AT&T has been promoting 4G speeds for quite some time, but the second biggest wireless carrier in America is finally making it official with upcoming launch of its LTE network.

At the Bank of America Merrill Lynch Media, Entertainment & Communications conference this week, AT&T chief financial officer John Stephens said AT&T will launch its LTE network in Atlanta, Chicago, Dallas, Houston and San Antonio next week on Sept. 18. By year's end, Stephens says there will be 75 markets nationwide with AT&T LTE networks.

Prior to this launch, AT&T had been promoting 4G speeds even without the LTE network in place. The company used its HSPA+ network for this promotion, saying it had faster network speed than the typical 3G network. While this may be true, the International Telecommunication Union basically dismissed the idea that AT&T's HSPA+ network was a 4G network.

Verizon, AT&T's biggest rival, has already launched a 4G LTE network with several products, including the recently released Motorola Droid Bionic. In terms of networks, Verizon has LTE coverage in 117 cities across the U.S. Sprint and T-Mobile also offer legitimate 4G networks as well, although many analysts are not as sold on Sprint's WiMAX 4G network and its long-term ability to compete against LTE.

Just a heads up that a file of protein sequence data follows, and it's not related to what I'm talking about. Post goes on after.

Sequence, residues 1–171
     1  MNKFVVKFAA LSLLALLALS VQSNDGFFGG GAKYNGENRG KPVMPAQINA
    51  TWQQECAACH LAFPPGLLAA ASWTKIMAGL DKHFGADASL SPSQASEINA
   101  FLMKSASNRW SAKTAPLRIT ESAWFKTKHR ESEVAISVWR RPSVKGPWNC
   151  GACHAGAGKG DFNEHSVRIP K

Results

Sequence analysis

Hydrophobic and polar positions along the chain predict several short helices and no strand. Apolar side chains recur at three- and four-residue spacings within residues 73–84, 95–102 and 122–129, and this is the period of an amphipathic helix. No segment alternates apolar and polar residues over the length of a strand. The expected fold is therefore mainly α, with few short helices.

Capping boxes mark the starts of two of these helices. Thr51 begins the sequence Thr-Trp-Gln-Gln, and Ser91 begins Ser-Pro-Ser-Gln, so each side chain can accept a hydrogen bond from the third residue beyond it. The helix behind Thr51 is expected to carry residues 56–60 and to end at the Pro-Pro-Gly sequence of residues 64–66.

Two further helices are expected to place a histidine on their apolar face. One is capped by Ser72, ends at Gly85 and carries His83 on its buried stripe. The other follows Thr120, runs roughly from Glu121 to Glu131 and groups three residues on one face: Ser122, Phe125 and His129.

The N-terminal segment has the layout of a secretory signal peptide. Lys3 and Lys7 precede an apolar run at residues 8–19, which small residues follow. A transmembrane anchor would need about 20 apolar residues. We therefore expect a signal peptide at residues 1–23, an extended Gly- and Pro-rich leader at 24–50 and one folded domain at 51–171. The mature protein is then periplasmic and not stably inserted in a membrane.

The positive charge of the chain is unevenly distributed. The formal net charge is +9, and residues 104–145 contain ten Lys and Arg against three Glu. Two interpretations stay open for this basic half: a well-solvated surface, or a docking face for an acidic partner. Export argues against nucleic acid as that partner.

BTIG Research analyst Walter Piecyk did a speed test earlier this year and said Verizon's LTE blew away Sprint's WiMAX in 1,000 speed tests. Verizon's LTE network delivers downlink speeds of 5-12 Mbps and uplink speeds of 2-5 Mbps. Sprint's WiMAX average about 1 Mbps both down and uplink speeds.

In anticipation of its 4G LTE launch, AT&T has already promoted and begun to sell two LTE capable phones: the USB Connect Momentum 4G modem and the Mobile Hotspot Elevate 4G. These phones were both made by Sierra Wireless. The phones cost $49.99 and $69.99 respectively and come with two year contracts. There's also an LTE tablet, the $700 HTC Jetstream.

Stephens also said he is confident AT&T's proposed acquisition of T-Mobile for $39 billion will go through despite the hurdles it faces from the U.S. Department of Justice. The DOJ recently filed a lawsuit against AT&T for the acquisition citing antitrust concerns. He says the company is open to settling with the Department of Justice.

Follow Gabriel Perna on Twitter at @GabrielSPerna